by St. Ambrose of Milan
Manifold dangers are incurred by speaking; the remedy for which Scripture shows to consist in silence.
Book 1: Chapter II
5. Now what ought we to learn before everything else, but to be silent that we may be able to speak? lest my voice should condemn me, befor that of another acquit me; for it is written:
“By thy words thou shall be condemned.” (Matt. 12:37)
What need is there, then, that thou should hasten to undergo the danger of condemnation by speaking, when tho canst be more safe by keeping silent? How many have I seen to fall into sin by speaking, but scarcely one by keeping silent; and so it is more difficult to know how to keep silent than how to speak. I know that most persons speak because they do not know how to keep silent. It i seldom that any one is silent even when speaking profits him nothing He is wise, then, who knows how to keep silent. Lastly, the Wisdom o God said:
“The Lord hath given to me the tongue of learning, that should know when it is good to speak.” (Isaiah 1:4)
Justly, then, is he wise who has received of the Lord to know when he ought to speak. Wherefore the Scripture says well:
“A wise man will keep silence until there is opportunity.” (Ecclus. 20:7)
6. Therefore the saints of the Lord loved to keep silence, because the knew that a man’s voice is often the utterance of sin, and a man’ speech is the beginning of human error. Lastly, the Saint of the Lord said:
“I said, I will take heed to my ways, that I offend not in my tongue.” (Psalm 39:1)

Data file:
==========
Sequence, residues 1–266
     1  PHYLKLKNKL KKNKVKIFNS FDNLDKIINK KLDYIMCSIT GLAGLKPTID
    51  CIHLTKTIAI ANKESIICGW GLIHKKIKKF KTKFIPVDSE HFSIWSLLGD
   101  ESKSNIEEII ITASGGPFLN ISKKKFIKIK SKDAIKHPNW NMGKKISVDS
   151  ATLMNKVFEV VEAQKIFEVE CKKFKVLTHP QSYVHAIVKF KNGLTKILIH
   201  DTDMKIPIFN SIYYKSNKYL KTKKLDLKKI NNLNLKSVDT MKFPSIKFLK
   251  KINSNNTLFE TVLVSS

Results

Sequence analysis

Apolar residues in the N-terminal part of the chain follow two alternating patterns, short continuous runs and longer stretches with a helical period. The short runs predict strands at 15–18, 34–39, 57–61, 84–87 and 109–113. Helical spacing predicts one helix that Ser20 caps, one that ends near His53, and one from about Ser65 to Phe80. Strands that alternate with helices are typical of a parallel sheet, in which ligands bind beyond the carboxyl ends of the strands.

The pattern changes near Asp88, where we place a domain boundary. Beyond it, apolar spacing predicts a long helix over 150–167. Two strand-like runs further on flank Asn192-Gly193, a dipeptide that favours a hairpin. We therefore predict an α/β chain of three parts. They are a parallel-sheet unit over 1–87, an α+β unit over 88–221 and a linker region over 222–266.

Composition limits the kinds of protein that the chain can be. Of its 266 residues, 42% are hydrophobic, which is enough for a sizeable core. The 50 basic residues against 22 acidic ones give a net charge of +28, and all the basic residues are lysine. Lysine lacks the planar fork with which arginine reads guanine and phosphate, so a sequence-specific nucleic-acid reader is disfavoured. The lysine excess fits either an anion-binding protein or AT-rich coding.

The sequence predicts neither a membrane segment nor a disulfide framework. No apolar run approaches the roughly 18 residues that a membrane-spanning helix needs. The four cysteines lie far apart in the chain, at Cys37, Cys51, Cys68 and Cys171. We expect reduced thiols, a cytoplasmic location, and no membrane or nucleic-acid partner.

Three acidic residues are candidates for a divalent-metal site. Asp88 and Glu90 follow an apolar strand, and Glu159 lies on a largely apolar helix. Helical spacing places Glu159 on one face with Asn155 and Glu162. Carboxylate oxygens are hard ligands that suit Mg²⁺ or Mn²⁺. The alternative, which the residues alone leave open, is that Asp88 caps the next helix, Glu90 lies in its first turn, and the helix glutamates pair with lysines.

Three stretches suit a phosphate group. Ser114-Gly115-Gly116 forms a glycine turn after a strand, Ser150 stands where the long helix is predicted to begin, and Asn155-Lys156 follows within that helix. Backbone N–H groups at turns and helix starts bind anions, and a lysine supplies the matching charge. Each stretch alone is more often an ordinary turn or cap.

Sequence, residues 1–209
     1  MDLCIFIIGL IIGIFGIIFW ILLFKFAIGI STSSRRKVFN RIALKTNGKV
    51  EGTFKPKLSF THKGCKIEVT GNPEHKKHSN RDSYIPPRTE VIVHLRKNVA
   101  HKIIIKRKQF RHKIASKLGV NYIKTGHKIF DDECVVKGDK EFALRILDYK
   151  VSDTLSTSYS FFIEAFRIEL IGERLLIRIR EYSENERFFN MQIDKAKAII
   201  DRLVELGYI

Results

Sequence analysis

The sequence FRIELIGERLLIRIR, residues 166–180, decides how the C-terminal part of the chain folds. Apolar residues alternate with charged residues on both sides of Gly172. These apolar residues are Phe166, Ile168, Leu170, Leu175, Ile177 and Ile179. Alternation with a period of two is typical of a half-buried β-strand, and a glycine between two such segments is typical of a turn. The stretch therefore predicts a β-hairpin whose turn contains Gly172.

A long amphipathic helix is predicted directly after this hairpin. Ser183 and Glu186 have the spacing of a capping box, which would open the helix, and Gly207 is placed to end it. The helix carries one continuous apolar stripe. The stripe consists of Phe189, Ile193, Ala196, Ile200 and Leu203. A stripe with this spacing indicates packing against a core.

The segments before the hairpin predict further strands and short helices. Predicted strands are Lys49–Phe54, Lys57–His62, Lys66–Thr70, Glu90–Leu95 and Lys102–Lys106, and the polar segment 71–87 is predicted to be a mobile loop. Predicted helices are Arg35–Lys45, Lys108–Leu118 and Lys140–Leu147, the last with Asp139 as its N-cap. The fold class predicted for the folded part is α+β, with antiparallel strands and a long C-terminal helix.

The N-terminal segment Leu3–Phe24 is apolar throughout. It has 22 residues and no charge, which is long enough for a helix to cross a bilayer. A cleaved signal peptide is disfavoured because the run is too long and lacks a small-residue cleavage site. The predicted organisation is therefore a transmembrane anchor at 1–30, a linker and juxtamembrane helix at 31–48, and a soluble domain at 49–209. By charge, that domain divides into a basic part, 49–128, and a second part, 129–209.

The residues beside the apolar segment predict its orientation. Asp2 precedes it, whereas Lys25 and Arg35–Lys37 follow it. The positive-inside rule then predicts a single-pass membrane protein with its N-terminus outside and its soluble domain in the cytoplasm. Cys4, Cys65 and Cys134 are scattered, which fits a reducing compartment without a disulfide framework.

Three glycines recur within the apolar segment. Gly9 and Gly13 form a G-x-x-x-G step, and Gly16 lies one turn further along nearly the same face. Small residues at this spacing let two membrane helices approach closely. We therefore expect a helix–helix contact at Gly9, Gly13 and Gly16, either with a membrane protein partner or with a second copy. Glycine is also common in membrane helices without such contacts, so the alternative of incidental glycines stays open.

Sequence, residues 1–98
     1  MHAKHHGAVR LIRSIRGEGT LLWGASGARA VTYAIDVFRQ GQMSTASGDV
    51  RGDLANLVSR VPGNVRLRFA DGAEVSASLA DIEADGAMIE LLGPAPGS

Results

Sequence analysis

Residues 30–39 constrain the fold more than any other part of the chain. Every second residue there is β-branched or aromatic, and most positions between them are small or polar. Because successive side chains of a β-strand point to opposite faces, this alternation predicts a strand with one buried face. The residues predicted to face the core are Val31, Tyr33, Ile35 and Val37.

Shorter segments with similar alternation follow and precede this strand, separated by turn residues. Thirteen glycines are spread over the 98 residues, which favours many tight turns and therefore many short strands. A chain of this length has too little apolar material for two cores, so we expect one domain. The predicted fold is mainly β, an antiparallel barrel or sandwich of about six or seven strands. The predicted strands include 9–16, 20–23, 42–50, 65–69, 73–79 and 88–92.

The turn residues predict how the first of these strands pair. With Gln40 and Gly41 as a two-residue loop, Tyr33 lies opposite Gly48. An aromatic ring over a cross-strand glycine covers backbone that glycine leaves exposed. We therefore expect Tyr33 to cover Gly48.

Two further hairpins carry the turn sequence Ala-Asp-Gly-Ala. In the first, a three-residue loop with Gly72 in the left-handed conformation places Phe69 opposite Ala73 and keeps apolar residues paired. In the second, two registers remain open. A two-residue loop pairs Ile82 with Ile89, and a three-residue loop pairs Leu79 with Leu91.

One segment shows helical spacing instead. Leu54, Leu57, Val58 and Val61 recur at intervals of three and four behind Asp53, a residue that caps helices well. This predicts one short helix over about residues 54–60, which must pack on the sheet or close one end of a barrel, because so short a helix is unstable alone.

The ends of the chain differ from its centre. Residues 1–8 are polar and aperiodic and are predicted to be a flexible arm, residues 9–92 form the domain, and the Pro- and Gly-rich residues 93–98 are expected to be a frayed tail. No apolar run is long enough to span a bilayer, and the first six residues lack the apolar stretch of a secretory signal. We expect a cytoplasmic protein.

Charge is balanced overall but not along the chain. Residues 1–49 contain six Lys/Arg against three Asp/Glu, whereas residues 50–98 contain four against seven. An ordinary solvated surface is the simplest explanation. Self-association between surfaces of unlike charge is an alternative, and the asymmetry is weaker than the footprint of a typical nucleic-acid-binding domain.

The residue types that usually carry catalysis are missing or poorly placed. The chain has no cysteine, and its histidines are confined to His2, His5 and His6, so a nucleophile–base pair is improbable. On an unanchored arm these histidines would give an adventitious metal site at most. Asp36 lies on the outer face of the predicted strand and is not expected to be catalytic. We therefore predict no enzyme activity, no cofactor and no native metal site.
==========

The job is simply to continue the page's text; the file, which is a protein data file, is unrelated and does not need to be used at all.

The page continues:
For he knew and had read that it was a mark of the divine protection for a man to be hid from the scourge of his own tongue, (Job v. 21) and the witness of his own conscience. We are chastised by the silent reproaches of our thoughts, and by the judgment of conscience. We are chastised also by the lash of our own voice, when we say things whereby our soul is mortally injured, and our mind is sorely wounded. But who is there that has his heart clean from the impurities of sin, and does not offend in his tongue? And so, as he saw there was no one who could keep his mouth free from evil speaking, he laid upon himself the law of innocence by a rule of silence, with a view to avoiding by silence that fault which he could with difficulty escape in speaking.
7. Let us hearken, then, to the master of precaution:
“I said, I will take heed to my ways;”
“I said to myself: in the silent biddings of my thoughts, I have enjoined upon myself, that I should take heed to my ways.”
Some ways there are which we ought to follow; others as to which we ought to take heed. We must follow the ways of the Lord, and take heed to our own ways, lest they lead us into sin. One can take heed if one is not hasty in speaking. The law says:
“Hear, O Israel, the Lord thy God.” (Deut. 6:4)
It said not: “Speak,” but “Hear.” Eve fell because she said to the man what she had not heard from the Lord her God. The first word from God says to thee: Hear! If thou hearest, take heed to thy ways; and if thou hast fallen, quickly amend thy way. For:
“Wherein does a young man amend his way; except in taking heed to the word of the Lord?” (Psalm 119:9)
Be silent therefore first of all, and hearken, that thou fail not in thy tongue.
8. It is a great evil that a man should be condemned by his own mouth. Truly, if each one shall give account for an idle word, (Matt. 12:36) how much more for words of impurity and shame? For words uttered hastily are far worse than idle words. If, therefore, an account is demanded for an idle word, how much more will punishment be exacted for impious language?